|Hurricane Season 2005: Dennis||
Image Above: Hurricane Dennis was bearing down on the Gulf Coast of the United States on July 10, 2005, at 12:15 p.m. (16:15 UTC) when the Moderate Resolution Imaging Spectroradiometer on NASA’s Terra satellite captured this image. With winds of 135 miles per hour (217 kph), Dennis was a powerful Category 4 storm just hours away from making landfall. At the time this image was taken, the eye of the storm was about 55 miles (90 kilometers) south, southeast of Pensacola, Florida, and the storm was moving northwest at about 18 miles per hour (29 kph).|
The size of the storm put clouds of rain over most of the southeastern United States well before the storm came ashore. In this image, Dennis covers all of Florida, Alabama, Mississippi, and stretches over parts of Louisiana. The northern fringes of the storm appear to be over Tennessee and North Carolina. Click here to view a high resultion image.
Earlier Images of Hurricane Dennis
Image Above:More than a million are evacuating the coastal areas of Florida and Alabama as Hurricane Dennis steadily approaches. The first hurricane of the 2005 Atlantic hurricane season, Dennis has already been a deadly storm. It crossed over Cuba on July 8 and 9, leaving at least 10 dead, and caused additional deaths in Haiti. After re-emerging over open water, Dennis re-strengthened into a dangerous Category 3 hurricane with winds approaching 115 miles per hour when this image was taken at 2:45 p.m. EDT on July 9, 2005.
The Moderate Resolution Imaging Spectroradiometer on NASA’s Aqua satellite captured this image of the storm sliding up Florida’s west coast. The National Hurricane Center warns that Dennis continues to strengthen and may become a powerful Category 4 hurricane before making landfall over the northern Gulf Coast on July 10. Click here to view a high resolution image.
Image Above: This image shows Hurricane Dennis at 21:59 UTC (5:59 pm EDT) on July 9, 2005. The image shows the pattern of horizontal rain intensity obtained from TRMM's sensors. Rain rates in the center of the swath are from the TRMM Precipitation Radar (PR), the only radar measuring precipitation from space. Rain rates in the outer swath are from the TRMM Microwave Imager (TMI). The rain rates are overlaid on infrared (IR) data from the TRMM Visible Infrared Scanner (VIRS). This image shows a rejuvenated Dennis with maximum sustained winds back up to 90 knots (104 mph). The eye is well formed and contains intense 2-inch-per-hour rain rates (dark red area) in the northeastern part of the eyewall, an indication that strong heating is occurring in the core and is reinvigorating the system. For more on TRMM and its contribution to hurricane hunting click this link. TRMM is a joint mission between NASA and the Japanese space agency JAXA.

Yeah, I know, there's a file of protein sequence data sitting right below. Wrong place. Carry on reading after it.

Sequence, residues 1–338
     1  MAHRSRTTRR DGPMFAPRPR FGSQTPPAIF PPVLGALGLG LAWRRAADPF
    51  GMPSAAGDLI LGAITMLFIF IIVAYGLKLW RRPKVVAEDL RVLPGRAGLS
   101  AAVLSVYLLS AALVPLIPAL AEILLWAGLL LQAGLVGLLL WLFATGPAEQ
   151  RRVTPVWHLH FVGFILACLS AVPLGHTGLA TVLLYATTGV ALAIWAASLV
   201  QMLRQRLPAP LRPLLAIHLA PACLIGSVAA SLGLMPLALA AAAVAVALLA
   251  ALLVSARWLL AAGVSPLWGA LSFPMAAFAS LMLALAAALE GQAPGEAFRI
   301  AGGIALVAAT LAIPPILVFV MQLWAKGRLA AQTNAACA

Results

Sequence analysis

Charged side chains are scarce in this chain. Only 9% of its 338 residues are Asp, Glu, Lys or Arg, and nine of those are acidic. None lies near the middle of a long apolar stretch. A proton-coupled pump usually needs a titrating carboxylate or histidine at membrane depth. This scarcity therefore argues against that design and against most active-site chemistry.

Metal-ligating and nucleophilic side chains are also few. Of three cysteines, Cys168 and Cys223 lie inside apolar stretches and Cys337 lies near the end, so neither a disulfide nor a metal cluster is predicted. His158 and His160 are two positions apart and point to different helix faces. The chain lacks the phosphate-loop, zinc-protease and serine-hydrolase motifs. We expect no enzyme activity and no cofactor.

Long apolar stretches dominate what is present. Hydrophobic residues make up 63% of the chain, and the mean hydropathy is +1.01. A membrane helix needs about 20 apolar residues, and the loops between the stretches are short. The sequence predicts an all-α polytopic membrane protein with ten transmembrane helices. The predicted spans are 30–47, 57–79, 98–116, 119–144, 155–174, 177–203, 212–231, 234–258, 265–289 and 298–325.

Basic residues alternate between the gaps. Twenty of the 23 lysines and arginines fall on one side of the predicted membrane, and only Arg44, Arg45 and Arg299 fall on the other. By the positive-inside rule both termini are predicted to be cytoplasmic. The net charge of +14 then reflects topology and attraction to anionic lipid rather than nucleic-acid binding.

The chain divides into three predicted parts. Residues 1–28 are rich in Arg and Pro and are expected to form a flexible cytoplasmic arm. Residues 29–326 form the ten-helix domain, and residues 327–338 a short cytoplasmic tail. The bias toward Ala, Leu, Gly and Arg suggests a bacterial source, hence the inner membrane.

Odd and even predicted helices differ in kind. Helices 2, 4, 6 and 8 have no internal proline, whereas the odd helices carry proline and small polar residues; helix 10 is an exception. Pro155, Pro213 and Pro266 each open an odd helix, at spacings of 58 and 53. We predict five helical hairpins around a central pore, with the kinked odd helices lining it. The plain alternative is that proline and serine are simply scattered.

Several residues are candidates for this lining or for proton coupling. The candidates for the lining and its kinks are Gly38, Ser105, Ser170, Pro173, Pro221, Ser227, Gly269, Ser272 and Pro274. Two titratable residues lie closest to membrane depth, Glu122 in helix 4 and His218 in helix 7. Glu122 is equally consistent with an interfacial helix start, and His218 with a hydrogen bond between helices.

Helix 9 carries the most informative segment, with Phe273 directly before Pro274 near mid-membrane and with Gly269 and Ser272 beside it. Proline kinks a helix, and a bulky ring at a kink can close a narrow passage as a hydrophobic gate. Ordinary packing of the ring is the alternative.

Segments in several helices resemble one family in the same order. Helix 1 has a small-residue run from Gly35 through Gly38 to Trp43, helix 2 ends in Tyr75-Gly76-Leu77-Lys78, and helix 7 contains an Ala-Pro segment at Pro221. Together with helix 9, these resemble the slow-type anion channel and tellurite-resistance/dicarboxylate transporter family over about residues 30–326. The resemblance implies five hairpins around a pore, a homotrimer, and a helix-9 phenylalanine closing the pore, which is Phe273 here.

+ High resolution image Credit: NASA
Hurricane Dennis threaded its way between Jamaica and Haiti on a direct course for Cuba on July 7, 2005. The storm now has the distinctive hurricane form, with a well-defined eye surrounded by bands of swirling clouds. At 10:50 a.m. local time (15:50 UTC), when the Moderate Resolution Imaging Spectroradiometer (MODIS) on NASA’s Terra satellite took this image, Dennis was just below a Category 3 hurricane, with winds of 175 kilometers per hour (110 miles per hour) and stronger gusts. Less than an hour before this image was taken, the storm’s small dark eye was about 105 kilometers (65 miles) northeast of Kingston, Jamaica and 170 kilometers (105 miles) south-southeast of Guantanamo, Cuba. The National Hurricane Center reports that Dennis is traveling northwest at about 24 kilometers per hour (15 mph).
A storm of this size is a threat not just because of its powerful winds: Dennis is expected to produce heavy rain and coastal and inland flooding. Five to ten inches of rain may fall over Haiti, the Dominican Republic, Jamaica, Cuba, and the Cayman Islands, with as much as 15 inches falling in parts of Jamaica. Heavy rainfall can trigger flash floods and mudslide in mountainous regions. The storm will probably also raise tide levels by five to seven feet and generate large and dangerous waves.
Dennis is expected to strengthen as it moves north towards the Gulf Coast of the United States. For official storm warnings and additional information, please visit the National Hurricane Center. Click here to view a high resolution image.
Image Above:Tropical Storm Dennis
The swirling clouds of Tropical Storm Dennis span from the northern tip of Venezuela to the southern half of the island of Hispaniola in this Moderate Resolution Imaging Spectroradiometer (MODIS) image. NASA’s Terra satellite captured this image on July 6, 2005, at 10:05 a.m. local time (15:05 UTC) when Dennis was building to winds of 110 kilometers per hour (70 mph). The storm is moving northeast across the Caribbean and should pass between the eastern arm of Haiti and Jamaica, hammering both with four to eight inches of rain. The National Hurricane Center predicts that Dennis may become a major hurricane—Category 3 or higher—by July 8. Click Here to view a high resolution image.